US Interior Dept Defends Decision to Re-Issue Drilling Ban
WASHINGTON (Dow Jones Newswires), Aug. 25, 2010
The U.S. Interior Department is defending its decision to withdraw, revise and re-issue a controversial ban on deep-water drilling after a federal judge questioned the department's ability to change the ban while it was being challenged in court.
In a supplemental briefing filed Tuesday with the U.S. District Court for the Eastern District of Louisiana, the Interior Department said its actions were "beyond question" under federal law.
The Interior Department also highlighted a number of documents, including email and hearing testimony, that provided the basis for its most recent ban.
The briefing represents the latest skirmish in a months-long battle over the administration's decision to suspend work on roughly 30 Gulf of Mexico drilling projects in the wake of an oil spill involving Transocean's Deepwater Horizon drilling rig.
Oil companies and service providers that work in the Gulf of Mexico say the moratorium punishes them unfairly, while some U.S. lawmakers say the halt on drilling kills jobs in a region already weakened by the BP oil spill.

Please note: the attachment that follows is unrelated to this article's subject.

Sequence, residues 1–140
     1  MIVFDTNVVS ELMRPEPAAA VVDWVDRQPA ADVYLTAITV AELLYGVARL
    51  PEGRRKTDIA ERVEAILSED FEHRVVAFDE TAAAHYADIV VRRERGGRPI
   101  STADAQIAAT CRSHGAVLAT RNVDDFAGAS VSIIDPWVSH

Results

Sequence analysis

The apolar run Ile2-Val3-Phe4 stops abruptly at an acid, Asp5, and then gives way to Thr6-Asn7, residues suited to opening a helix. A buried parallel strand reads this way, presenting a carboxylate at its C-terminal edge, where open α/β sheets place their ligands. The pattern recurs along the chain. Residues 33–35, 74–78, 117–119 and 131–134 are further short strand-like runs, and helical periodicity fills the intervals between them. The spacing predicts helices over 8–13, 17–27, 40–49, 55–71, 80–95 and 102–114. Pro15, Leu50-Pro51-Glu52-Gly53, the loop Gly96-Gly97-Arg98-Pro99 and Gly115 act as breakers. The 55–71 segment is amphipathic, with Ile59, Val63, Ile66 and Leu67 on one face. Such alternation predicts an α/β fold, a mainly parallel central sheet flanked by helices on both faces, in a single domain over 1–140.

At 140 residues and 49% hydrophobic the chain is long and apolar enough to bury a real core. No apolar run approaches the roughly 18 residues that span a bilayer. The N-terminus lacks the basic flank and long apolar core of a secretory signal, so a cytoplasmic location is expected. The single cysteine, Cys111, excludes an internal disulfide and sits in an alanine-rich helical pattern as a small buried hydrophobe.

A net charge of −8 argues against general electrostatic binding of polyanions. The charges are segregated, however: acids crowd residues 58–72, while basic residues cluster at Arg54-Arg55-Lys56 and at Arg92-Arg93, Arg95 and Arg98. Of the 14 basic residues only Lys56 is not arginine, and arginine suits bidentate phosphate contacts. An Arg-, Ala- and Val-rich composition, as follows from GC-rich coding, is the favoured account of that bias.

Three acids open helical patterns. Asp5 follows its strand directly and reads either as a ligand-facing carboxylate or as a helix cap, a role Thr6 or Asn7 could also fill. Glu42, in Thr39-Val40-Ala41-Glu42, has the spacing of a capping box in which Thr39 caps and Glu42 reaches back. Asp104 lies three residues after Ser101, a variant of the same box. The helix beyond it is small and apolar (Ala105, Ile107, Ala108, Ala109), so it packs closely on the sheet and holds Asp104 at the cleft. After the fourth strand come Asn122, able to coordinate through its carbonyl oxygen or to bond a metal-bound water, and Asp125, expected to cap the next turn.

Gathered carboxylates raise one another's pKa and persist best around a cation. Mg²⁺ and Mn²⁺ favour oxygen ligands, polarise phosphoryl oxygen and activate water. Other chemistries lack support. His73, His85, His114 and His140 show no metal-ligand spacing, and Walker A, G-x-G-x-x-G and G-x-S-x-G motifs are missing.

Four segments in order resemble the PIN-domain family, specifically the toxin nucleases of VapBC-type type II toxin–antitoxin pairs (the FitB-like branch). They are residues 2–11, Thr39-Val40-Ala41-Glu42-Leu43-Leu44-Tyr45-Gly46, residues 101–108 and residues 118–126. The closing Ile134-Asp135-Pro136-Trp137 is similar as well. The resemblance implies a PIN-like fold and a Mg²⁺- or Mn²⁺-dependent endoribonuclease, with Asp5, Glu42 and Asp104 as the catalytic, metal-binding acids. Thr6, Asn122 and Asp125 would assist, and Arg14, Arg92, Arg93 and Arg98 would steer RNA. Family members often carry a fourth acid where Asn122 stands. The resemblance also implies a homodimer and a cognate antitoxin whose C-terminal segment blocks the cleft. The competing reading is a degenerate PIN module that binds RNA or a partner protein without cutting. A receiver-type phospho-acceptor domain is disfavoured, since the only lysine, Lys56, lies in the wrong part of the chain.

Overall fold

The department was forced to revise and re-issue its moratorium after U.S. District Court Judge Martin Feldman overturned the initial ban, calling the action "heavy-handed" and "overbearing."
The department issued its first moratorium in May and then released a revised ban in July.
Shortly after the department issued the revised ban, Judge Feldman questioned its ability to cancel a ban that was still embroiled in a legal challenge.
On Tuesday, the department defended its actions by saying Interior Secretary Ken Salazar "has merely fulfilled his continuing duty to manage the [Outer Continental Shelf] by reanalyzing the previously directed suspensions, evaluating new information on the adequacy of safety and environmental protection standards for OCS lease operations in the Gulf of Mexico, and issuing a new decision."
A representative for Hornbeck Offshore Services Inc. (HOS), the company that challenged the department's moratorium in court, couldn't comment on the department's most recent position.
The department also submitted a list of several dozen documents that influenced its decision to release a revised ban.
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